However, if by usurping legislative power, landowners prohibit the landless farm laborers from working away from the land in return for subsistence, the equilibrium between services is broken.
This third letter seems to be of major importance in the reflextion of Frédéric Bastiat towards value because he seems to touch the definition of it that Carl Menger will give a few years later. He insists on the fact that “services are exchanged for other services” and if he does not reject outright the notion of labour value, he exposes the debate trying to differentiate use-value and exchange-value as well as the issues in focusing on materiality for value.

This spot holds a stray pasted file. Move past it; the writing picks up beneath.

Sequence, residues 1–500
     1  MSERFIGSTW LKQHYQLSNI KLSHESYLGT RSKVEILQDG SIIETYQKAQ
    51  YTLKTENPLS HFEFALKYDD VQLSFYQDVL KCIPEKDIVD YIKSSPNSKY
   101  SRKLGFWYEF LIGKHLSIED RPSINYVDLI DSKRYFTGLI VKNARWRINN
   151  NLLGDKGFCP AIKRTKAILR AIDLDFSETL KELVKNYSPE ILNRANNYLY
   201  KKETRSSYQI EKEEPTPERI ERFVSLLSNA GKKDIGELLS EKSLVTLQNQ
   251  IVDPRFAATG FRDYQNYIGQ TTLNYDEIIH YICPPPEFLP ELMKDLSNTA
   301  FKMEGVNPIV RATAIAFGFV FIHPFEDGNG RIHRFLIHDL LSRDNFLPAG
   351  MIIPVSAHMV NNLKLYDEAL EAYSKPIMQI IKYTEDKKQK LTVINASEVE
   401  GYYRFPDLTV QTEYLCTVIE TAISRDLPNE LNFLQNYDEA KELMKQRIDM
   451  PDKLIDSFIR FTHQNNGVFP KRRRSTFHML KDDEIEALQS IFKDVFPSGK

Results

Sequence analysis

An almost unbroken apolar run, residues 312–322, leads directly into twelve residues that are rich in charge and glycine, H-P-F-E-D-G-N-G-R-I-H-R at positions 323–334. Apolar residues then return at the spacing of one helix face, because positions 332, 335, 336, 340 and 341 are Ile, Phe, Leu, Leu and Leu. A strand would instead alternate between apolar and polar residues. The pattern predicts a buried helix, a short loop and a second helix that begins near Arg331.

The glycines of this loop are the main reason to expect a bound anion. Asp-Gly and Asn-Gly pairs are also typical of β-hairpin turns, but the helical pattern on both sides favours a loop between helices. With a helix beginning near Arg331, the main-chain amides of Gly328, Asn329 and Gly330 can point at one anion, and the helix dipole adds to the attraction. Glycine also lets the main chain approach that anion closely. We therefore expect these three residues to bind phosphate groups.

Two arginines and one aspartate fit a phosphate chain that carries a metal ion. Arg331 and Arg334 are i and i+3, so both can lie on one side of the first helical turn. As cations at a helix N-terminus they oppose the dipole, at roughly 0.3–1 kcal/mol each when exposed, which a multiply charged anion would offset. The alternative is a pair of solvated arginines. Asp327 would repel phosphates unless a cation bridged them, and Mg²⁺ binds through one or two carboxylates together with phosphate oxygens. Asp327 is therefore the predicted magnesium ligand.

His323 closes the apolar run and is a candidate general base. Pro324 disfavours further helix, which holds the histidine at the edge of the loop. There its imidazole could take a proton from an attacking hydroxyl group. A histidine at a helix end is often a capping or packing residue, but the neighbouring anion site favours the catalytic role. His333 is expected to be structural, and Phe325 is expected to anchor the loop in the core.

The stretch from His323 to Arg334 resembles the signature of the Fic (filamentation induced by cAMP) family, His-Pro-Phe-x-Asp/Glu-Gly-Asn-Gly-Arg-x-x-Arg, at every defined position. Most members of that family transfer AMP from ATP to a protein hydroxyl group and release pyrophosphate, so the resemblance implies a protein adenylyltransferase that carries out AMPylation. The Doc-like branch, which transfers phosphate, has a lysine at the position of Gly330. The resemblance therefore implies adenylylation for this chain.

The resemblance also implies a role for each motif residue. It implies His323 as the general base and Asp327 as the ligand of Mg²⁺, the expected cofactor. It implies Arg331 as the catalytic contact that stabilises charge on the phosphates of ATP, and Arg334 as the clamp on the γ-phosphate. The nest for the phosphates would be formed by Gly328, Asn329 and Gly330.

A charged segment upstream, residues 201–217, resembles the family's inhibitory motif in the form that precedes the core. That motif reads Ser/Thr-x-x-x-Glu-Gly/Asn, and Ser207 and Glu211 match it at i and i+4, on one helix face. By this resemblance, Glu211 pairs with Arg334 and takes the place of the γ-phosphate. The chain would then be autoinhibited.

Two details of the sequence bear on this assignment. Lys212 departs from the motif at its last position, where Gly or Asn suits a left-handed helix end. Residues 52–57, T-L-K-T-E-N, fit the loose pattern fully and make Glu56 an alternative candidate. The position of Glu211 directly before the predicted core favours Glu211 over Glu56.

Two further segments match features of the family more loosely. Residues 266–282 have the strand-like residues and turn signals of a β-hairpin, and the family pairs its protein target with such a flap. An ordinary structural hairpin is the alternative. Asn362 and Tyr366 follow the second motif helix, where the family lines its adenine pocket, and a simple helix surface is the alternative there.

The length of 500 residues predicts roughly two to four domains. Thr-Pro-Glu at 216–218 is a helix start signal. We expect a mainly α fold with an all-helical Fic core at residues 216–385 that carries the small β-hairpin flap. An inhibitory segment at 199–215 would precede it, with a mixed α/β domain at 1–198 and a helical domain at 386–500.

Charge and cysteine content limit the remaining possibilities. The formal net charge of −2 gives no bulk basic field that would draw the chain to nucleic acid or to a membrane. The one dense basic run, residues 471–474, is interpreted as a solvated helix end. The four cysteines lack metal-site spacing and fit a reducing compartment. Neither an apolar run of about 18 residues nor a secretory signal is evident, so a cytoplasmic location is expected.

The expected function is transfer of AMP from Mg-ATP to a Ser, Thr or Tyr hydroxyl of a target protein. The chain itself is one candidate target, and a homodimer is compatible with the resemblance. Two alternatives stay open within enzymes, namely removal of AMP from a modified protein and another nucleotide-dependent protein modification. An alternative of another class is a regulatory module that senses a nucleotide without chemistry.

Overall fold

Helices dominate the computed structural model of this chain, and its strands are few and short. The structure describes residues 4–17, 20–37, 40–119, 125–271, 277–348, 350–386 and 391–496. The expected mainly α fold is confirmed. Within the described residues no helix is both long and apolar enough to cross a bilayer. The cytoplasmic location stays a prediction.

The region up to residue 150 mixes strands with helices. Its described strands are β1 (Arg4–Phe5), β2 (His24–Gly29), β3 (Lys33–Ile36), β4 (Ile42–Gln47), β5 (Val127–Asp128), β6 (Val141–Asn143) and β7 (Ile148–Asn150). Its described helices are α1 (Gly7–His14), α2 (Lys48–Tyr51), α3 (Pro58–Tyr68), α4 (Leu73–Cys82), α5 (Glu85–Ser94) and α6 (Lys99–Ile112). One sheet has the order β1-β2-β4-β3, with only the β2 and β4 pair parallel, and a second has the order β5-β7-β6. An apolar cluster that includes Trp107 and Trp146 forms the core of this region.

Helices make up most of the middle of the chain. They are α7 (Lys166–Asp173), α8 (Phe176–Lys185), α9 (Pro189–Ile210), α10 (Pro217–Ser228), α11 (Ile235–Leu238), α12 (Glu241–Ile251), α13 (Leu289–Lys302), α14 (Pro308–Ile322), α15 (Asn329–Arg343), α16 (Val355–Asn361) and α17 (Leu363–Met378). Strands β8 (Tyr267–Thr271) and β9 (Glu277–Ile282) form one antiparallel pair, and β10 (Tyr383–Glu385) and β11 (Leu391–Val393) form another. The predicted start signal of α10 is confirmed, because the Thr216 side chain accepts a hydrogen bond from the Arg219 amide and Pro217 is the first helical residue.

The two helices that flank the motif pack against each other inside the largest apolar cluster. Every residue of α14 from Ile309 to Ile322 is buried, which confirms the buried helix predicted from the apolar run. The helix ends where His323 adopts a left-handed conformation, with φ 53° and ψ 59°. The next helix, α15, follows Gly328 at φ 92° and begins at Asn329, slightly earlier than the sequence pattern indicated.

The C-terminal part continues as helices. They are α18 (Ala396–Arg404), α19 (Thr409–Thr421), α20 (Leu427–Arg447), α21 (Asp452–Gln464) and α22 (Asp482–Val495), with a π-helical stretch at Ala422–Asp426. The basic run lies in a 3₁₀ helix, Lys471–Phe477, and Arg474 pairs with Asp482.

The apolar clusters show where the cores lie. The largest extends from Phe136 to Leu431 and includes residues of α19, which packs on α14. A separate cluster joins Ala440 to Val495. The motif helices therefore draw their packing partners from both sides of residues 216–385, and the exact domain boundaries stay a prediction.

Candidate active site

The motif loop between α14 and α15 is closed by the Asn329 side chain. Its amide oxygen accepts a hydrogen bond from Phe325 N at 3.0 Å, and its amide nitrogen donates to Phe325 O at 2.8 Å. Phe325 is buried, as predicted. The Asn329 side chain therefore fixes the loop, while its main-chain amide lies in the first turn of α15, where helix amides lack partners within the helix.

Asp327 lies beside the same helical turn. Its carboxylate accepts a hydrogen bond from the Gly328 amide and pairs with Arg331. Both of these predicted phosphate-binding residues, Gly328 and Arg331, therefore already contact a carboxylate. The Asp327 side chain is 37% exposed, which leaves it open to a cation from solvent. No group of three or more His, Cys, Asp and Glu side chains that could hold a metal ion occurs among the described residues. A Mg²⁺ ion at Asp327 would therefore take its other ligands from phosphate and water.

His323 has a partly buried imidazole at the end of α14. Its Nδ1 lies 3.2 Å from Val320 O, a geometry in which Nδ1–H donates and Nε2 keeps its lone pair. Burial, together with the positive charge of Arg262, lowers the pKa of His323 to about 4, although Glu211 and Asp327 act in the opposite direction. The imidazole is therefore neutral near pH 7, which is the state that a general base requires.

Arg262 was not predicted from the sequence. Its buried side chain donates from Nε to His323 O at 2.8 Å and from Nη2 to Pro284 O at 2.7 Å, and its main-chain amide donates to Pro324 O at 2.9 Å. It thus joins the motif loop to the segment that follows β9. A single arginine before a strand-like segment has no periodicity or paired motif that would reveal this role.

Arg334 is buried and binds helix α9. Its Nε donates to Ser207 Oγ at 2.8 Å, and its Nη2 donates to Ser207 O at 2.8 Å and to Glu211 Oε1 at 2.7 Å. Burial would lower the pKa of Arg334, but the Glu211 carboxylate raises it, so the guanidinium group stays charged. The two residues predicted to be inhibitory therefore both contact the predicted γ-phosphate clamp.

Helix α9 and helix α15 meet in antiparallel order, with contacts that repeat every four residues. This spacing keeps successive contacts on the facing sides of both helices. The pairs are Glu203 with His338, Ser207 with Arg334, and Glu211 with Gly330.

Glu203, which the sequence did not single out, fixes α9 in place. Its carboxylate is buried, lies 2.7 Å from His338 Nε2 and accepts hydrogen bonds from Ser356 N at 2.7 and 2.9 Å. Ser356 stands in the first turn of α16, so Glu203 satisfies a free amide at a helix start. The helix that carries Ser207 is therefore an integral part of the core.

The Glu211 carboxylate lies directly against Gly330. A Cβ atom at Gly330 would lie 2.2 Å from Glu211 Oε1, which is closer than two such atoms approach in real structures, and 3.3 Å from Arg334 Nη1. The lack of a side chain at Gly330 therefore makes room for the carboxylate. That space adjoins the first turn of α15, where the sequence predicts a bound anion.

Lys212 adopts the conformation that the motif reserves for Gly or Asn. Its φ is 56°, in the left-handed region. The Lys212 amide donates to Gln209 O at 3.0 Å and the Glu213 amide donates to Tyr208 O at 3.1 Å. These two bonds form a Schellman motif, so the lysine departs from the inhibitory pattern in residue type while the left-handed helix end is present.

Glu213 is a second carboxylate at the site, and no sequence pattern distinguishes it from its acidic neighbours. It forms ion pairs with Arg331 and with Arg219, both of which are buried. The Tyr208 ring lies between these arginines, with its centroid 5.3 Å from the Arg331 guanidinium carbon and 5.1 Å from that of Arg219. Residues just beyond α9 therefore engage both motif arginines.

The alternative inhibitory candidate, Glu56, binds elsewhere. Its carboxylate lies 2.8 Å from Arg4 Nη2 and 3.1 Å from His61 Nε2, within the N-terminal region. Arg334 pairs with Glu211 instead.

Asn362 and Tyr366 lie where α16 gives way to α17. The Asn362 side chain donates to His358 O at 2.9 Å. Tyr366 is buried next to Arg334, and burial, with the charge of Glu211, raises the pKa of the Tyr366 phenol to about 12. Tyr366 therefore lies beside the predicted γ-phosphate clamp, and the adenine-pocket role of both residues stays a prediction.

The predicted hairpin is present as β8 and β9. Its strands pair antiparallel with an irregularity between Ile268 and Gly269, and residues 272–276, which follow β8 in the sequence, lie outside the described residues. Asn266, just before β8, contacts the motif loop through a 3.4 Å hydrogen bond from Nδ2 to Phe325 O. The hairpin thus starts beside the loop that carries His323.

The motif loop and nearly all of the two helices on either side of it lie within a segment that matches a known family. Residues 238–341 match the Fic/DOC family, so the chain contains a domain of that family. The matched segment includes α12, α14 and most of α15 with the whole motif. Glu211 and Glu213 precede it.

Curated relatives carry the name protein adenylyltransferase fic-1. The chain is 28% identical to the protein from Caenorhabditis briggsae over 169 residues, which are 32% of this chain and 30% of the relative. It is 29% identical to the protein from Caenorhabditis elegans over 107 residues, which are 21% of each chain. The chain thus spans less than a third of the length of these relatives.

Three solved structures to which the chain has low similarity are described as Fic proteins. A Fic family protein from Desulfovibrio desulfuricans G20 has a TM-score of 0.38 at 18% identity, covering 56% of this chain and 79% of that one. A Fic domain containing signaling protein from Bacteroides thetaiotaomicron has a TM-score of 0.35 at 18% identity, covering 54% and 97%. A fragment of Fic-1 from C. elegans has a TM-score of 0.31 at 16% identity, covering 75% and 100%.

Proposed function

Besides, I note his understanding of competition in this letter. Today’s quote is focusing on the evil of his time, which was constituted by erecting trade barriers all over the place, thus limiting foreign competition. However, it is clear that according to him, liberty implies free competition and that this competition sets every one of us on an equal footing. As a consequence, competition is what allows to place checks and balances on the rich and powerful, reason for which it is key to not distort it through legislation, the justification of which will hide its worse misdeed, namely to wrong those who have nothing.